Context: Chronically homeless individuals with severe alcohol problems often have multiple medical and psychiatric problems and use costly health and criminal justice services at high rates.
Objective: To evaluate association of a "Housing First" intervention for chronically homeless individuals with severe alcohol problems with health care use and costs.
Design, setting, and participants: Quasi-experimental design comparing 95 housed participants (with drinking permitted) with 39 wait-list control participants enrolled between November 2005 and March 2007 in Seattle, Washington.
Main outcome measures: Use and cost of services (jail bookings, days incarcerated, shelter and sobering center use, hospital-based medical services, publicly funded alcohol and drug detoxification and treatment, emergency medical services, and Medicaid-funded services) for Housing First participants relative to wait-list controls.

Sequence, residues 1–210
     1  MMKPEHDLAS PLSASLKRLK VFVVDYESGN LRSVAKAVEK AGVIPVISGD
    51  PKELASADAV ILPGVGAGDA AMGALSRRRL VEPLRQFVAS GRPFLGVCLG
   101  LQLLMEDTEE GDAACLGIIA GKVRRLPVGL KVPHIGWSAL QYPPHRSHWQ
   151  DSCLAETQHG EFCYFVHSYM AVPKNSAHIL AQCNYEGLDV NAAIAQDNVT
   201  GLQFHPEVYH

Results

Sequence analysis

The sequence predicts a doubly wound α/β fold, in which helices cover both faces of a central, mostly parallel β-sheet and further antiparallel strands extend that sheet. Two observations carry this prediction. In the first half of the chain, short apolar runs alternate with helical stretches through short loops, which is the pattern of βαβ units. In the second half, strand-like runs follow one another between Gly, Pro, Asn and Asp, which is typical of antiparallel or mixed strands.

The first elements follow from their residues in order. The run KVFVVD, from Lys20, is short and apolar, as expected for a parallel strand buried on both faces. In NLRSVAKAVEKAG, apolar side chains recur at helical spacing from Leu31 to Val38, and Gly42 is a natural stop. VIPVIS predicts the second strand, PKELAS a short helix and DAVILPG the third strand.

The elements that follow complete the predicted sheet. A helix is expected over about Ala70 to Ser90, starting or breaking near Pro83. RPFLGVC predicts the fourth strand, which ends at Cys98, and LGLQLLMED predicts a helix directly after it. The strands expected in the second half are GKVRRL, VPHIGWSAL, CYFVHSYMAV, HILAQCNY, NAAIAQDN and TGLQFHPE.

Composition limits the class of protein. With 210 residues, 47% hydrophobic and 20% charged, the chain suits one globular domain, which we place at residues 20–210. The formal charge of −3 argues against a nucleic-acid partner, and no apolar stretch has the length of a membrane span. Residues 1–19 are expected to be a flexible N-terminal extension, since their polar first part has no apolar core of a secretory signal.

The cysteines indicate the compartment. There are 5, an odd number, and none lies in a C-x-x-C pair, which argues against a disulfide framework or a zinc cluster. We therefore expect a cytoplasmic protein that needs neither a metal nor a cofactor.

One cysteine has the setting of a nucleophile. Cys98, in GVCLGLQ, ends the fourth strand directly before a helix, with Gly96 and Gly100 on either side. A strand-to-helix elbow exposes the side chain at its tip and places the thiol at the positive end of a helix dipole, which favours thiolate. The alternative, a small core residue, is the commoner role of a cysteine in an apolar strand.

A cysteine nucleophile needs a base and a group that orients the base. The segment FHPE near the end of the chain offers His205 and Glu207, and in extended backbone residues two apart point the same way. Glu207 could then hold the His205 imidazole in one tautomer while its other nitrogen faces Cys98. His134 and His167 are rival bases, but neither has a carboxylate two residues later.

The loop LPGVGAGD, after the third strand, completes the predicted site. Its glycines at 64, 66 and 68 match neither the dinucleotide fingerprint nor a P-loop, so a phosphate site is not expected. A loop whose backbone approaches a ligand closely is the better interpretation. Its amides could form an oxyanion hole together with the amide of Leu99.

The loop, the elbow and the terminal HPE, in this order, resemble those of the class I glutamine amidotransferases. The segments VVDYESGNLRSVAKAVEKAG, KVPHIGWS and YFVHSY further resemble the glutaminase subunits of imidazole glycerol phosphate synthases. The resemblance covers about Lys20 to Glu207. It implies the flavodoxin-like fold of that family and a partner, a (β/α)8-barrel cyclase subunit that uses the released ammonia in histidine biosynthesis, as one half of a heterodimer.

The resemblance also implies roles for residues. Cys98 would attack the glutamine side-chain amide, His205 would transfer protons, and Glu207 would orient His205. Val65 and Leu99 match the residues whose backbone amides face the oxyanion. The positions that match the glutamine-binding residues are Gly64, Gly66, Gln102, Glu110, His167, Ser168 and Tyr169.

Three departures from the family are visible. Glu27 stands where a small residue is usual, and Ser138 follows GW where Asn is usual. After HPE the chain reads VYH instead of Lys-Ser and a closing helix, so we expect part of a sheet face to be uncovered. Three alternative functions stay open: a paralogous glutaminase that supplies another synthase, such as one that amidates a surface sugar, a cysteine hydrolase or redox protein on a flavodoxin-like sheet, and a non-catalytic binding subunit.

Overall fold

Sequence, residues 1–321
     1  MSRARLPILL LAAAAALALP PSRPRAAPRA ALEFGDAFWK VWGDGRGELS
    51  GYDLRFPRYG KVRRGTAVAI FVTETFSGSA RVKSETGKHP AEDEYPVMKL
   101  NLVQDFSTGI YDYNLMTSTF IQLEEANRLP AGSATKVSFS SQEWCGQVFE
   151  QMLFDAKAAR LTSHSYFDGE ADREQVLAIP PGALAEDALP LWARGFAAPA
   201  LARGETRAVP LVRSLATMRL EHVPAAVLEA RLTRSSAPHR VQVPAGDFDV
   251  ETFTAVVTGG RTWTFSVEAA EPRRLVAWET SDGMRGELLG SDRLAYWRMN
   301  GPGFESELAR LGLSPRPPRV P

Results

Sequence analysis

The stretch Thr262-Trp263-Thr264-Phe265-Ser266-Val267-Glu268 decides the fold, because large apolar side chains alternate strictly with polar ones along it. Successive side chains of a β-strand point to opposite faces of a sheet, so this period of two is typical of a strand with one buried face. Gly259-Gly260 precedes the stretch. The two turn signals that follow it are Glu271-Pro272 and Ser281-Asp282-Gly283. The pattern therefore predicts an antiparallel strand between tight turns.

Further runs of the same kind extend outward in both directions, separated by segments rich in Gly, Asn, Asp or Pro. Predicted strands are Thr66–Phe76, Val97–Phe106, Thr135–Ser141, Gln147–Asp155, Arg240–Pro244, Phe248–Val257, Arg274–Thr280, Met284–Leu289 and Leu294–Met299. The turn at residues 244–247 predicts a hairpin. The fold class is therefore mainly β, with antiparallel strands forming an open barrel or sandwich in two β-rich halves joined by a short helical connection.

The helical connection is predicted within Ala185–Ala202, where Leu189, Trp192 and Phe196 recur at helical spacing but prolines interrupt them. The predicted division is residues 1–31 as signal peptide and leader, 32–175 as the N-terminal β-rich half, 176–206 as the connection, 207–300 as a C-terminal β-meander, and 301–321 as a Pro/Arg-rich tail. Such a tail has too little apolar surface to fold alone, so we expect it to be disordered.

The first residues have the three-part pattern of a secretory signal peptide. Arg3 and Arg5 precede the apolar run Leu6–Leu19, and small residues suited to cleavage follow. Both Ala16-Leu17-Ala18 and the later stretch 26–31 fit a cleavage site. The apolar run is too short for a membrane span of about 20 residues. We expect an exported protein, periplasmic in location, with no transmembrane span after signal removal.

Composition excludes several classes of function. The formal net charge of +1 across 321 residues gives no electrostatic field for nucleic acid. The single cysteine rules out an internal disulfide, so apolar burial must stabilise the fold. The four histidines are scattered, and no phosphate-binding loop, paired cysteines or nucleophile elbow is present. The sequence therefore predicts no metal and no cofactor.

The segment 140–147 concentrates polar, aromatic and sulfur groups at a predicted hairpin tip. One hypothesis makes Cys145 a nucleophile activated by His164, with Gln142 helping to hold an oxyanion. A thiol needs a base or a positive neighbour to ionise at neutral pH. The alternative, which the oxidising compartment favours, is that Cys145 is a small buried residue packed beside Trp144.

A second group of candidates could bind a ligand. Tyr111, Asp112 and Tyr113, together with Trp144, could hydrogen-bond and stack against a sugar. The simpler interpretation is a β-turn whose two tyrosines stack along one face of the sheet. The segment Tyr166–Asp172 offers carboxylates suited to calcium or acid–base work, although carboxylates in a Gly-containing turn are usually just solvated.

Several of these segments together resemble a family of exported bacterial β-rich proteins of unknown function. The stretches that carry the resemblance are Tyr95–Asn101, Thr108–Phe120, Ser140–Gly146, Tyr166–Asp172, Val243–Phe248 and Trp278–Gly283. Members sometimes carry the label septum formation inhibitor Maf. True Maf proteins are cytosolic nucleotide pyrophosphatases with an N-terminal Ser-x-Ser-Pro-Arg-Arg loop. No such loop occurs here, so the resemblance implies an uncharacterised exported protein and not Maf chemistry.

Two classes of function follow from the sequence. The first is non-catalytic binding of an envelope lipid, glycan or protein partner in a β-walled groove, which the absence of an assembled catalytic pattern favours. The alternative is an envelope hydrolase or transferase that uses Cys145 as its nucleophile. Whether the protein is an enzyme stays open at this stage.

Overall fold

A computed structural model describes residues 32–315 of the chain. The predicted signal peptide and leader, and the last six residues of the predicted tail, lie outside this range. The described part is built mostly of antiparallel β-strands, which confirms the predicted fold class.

Results: Housing First participants had total costs of $8,175,922 in the year prior to the study, or median costs of $4066 per person per month (interquartile range [IQR], $2067-$8264). Median monthly costs decreased to $1492 (IQR, $337-$5709) and $958 (IQR, $98-$3200) after 6 and 12 months in housing, respectively. Poisson generalized estimating equation regressions using propensity score adjustments showed total cost rate reduction of 53% for housed participants relative to wait-list controls (rate ratio, 0.47; 95% confidence interval, 0.25-0.88) over the first 6 months. Total cost offsets for Housing First participants relative to controls averaged $2449 per person per month after accounting for housing program costs.
Conclusions: In this population of chronically homeless individuals with high service use and costs, a Housing First program was associated with a relative decrease in costs after 6 months. These benefits increased to the extent that participants were retained in housing longer.